Again, he is asking whether there is some additional part which has some additional efficient causality, and suggesting that this is unlikely. It is indeed unlikely, but irrelevant, because consciousness is not an additional part, but a formal way of being that a thing has. He continues:

But if no, if this interaction isn’t strong enough to explain human claims of feeling, then we have a remarkable coincidence to explain. Somehow this extra feeling stuff exists, and humans also have a tendency to say that it exists, but these happen for entirely independent reasons. The fact that feeling stuff exists isn’t causing people to claim it exists, nor vice versa. Instead humans have some sort of weird psychological quirk that causes them to make such statements, and they would make such claims even if feeling stuff didn’t exist. But if we have a good alternate explanation for why people tend to make such statements, what need do we have of the hypothesis that feeling stuff actually exists? Such a coincidence seems too remarkable to be believed.

First, there is no “extra feeling stuff.” There is only a way of being, namely in this case being alive and conscious. Second, there is no coincidence. Robin’s supposed coincidence is that “I am conscious” is thought to mean, “I have feeling stuff,” but the feeling stuff is not the efficient cause of my saying that I have it; instead, the efficient cause is said to be simple parts interacting simply.

Again, the mistake here is simply to completely overlook the formal cause. “I am conscious” does not mean that I have any feeling stuff; it says that I am something that perceives. Of course we can modify Robin’s question: what is the efficient cause of my saying that I am conscious? Is it the fact that I actually perceive things, or is it simple parts interacting simply? But if we think of this in relation to form, it is like asking whether the properties of a square follow from squareness, or from the properties of the parts of a square. And it is perfectly obvious that the properties of a square follow both from squareness, and from the properties of the parts of a square, without any coincidence, and without interfering with one another. In the same way, the fact that I perceive things is the efficient cause of my saying that I perceive things. But the only difference between this actual situation and a philosophical zombie is one of form, not of matter; in a corresponding zombie, “simple parts interacting simply” are the cause of its producing sounds, but it neither perceives anything nor asserts that it is conscious, since its words are meaningless.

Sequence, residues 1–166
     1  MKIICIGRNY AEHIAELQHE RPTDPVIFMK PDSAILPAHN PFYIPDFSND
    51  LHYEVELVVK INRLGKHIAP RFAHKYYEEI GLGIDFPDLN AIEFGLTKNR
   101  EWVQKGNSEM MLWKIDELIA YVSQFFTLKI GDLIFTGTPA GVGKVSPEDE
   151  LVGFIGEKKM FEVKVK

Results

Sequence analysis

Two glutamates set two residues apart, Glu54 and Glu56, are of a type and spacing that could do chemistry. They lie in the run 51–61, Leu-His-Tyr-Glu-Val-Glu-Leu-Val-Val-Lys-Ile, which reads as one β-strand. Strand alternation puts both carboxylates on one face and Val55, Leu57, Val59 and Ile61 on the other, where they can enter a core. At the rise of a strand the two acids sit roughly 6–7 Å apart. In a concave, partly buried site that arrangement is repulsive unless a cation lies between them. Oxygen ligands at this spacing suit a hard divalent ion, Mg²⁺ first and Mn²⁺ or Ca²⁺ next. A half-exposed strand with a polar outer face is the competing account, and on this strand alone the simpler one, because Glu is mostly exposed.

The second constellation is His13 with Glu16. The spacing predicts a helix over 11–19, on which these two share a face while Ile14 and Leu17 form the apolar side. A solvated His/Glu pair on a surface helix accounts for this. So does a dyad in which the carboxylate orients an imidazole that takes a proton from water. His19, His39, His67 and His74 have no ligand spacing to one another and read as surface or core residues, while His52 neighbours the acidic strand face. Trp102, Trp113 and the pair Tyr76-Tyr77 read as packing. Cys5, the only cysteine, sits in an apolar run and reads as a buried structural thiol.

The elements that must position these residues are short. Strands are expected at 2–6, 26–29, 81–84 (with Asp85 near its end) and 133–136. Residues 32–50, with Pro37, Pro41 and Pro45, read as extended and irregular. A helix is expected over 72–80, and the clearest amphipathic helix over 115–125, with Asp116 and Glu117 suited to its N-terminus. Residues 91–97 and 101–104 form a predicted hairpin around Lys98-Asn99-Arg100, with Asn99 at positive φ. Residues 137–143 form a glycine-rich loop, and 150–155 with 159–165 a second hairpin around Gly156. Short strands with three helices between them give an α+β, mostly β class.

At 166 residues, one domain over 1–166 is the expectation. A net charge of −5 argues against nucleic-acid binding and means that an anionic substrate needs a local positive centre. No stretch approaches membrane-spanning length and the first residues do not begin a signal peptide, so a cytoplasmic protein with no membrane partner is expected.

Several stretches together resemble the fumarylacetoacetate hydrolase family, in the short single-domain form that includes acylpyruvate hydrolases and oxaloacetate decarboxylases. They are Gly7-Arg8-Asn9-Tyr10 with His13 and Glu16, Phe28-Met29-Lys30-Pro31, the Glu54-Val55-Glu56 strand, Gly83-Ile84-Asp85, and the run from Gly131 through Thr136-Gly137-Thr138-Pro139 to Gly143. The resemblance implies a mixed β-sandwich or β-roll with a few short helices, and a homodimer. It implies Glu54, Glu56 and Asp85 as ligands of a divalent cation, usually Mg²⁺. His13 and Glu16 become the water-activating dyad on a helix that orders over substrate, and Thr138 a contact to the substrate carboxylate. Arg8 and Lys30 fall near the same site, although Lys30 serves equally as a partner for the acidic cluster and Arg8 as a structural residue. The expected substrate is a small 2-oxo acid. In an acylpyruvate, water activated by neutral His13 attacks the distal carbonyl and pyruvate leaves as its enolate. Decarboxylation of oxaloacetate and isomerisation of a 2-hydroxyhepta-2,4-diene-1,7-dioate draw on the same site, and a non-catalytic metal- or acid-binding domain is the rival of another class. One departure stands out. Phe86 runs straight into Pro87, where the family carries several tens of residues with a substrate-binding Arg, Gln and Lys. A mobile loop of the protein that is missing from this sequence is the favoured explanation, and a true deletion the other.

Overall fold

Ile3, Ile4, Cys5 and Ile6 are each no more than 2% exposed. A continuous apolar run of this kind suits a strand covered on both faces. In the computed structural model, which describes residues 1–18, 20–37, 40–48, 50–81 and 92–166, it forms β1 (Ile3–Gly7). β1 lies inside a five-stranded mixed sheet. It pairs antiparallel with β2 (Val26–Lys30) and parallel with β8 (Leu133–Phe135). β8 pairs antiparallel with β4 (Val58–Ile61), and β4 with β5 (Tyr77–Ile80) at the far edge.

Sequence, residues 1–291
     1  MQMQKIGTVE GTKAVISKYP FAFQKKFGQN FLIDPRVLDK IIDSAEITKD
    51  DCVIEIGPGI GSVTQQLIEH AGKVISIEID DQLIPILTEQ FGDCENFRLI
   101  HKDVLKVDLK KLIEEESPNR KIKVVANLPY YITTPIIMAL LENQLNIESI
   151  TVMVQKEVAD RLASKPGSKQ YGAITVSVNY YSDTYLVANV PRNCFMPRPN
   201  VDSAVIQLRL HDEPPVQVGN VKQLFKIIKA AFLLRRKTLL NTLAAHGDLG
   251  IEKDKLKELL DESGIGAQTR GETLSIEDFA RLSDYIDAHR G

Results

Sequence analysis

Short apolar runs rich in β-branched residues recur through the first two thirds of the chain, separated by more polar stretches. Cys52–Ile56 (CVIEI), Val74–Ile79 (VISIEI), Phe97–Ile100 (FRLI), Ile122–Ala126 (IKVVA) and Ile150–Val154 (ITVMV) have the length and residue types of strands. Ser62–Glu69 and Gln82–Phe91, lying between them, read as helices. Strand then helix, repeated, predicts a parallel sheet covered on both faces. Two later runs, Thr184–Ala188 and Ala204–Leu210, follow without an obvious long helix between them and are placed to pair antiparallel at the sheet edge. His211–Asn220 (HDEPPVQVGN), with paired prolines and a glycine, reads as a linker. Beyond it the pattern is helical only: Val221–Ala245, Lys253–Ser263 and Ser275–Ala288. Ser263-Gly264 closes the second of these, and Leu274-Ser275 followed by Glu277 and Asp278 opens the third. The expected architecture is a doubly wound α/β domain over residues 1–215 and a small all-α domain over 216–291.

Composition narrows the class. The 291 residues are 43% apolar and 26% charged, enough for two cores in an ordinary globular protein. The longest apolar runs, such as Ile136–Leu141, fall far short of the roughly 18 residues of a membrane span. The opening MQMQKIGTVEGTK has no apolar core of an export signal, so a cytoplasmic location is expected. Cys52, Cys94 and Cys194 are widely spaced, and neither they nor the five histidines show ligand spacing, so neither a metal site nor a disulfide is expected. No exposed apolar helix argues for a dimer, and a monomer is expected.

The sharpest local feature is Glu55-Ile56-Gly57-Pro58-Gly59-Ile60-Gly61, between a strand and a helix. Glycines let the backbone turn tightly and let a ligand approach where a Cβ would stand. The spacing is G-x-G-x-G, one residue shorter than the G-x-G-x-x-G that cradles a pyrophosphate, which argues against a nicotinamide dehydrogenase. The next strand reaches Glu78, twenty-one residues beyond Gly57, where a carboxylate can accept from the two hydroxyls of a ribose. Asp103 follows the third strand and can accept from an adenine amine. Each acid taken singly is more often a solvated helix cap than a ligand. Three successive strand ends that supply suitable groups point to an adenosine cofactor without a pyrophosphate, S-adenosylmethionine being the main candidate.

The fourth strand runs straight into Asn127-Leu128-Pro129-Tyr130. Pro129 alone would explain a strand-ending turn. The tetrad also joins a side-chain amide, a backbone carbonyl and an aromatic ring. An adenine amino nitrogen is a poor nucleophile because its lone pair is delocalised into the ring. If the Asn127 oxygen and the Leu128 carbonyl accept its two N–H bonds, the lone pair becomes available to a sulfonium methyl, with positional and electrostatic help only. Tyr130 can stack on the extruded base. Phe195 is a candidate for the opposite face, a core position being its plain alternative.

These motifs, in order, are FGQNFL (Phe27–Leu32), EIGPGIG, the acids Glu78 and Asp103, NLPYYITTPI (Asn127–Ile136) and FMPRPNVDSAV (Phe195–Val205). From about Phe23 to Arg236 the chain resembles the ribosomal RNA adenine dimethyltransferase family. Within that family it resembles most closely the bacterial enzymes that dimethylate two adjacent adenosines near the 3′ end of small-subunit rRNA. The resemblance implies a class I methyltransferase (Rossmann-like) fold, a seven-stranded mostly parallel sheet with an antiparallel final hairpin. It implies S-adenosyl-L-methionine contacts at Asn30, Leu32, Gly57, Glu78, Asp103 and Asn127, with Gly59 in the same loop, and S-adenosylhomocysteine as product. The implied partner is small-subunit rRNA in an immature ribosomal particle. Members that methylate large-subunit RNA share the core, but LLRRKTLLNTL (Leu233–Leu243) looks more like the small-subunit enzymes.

The same basic issue, namely Robin’s lack of the concept of a formal cause, is responsible for his statements about philosophical zombies:

Carroll inspires me to try to make one point I think worth making, even if it is also ignored. My target is people who think philosophical zombies make sense. Zombies are supposedly just like real people in having the same physical brains, which arose the through the same causal history. The only difference is that while real people really “feel”, zombies do not. But since this state of “feeling” is presumed to have zero causal influence on behavior, zombies act exactly like real people, including being passionate and articulate about claiming they are not zombies. People who think they can conceive of such zombies see a “hard question” regarding which physical systems that claim to feel and otherwise act as if they feel actually do feel. (And which other systems feel as well.)

The one point I want to make is: if zombies are conceivable, then none of us will ever have any more relevant info than we do now about which systems actually feel. Which is pretty much zero info! You will never have any info about whether you ever really felt in the past, or will ever feel in the future. No one part of your brain ever gets any info from any other part of your brain about whether it really feels.

The state of “feeling” is not presumed to have zero causal influence on behavior. It is thought to have precisely a formal influence on behavior. That is, being conscious is why the activity of the conscious person is “saying that they feel” instead of “producing random meaningless sounds that others mistakenly interpret as meaning that they feel.”

Robin is right that philosophical zombies are impossible, however, although not for the reasons that he supposes. The actual reason for this is that it is impossible for a disposed matter to be lacking its corresponding form, and the idea of a zombie is precisely the idea of humanly disposed matter lacking human form.

Regarding his point about “info,” the possession of any information at all is already a proof that one is not a zombie. Since the zombie lacks form, any correlation between one part and another in it is essentially a random material correlation, not one that contains any information. If the correlation is noticed as having any info, then the thing noticing the information, and the information itself, are things which possess form. This argument, as far as it goes, is consistent with Robin’s claim that zombies do not make sense; they do not, but not for the reasons that he posits.